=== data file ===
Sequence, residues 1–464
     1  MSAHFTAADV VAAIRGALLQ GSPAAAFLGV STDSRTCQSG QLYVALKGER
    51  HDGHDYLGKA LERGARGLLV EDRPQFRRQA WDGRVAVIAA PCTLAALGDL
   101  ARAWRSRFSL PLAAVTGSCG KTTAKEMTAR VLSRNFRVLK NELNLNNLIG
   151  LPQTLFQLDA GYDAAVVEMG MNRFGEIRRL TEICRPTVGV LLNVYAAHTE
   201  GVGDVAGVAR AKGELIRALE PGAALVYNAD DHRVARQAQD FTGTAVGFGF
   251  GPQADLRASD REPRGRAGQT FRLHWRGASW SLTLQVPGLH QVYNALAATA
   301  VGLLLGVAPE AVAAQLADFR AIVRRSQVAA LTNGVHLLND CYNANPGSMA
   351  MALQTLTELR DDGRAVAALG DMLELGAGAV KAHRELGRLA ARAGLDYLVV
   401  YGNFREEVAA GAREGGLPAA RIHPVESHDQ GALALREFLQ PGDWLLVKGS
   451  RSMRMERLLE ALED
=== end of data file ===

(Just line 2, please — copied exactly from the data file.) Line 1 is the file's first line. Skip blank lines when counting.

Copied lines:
     1  MSAHFTAADV VAAIRGALLQ GSPAAAFLGV STDSRTCQSG QLYVALKGER